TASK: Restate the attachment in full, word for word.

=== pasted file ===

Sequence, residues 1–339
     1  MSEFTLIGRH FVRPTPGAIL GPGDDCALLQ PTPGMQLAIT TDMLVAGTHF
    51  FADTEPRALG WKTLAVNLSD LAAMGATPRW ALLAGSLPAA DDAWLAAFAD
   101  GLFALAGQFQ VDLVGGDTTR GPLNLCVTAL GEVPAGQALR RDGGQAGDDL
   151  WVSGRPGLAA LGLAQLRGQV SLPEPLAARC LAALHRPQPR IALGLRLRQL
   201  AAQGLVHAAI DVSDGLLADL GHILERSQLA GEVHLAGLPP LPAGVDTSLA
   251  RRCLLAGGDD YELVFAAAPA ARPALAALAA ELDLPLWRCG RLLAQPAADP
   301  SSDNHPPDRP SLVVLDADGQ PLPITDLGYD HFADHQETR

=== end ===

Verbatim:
Sequence, residues 1–339
     1  MSEFTLIGRH FVRPTPGAIL GPGDDCALLQ PTPGMQLAIT TDMLVAGTHF
    51  FADTEPRALG WKTLAVNLSD LAAMGATPRW ALLAGSLPAA DDAWLAAFAD
   101  GLFALAGQFQ VDLVGGDTTR GPLNLCVTAL GEVPAGQALR RDGGQAGDDL
   151  WVSGRPGLAA LGLAQLRGQV SLPEPLAARC LAALHRPQPR IALGLRLRQL
   201  AAQGLVHAAI DVSDGLLADL GHILERSQLA GEVHLAGLPP LPAGVDTSLA
   251  RRCLLAGGDD YELVFAAAPA ARPALAALAA ELDLPLWRCG RLLAQPAADP
   301  SSDNHPPDRP SLVVLDADGQ PLPITDLGYD HFADHQETR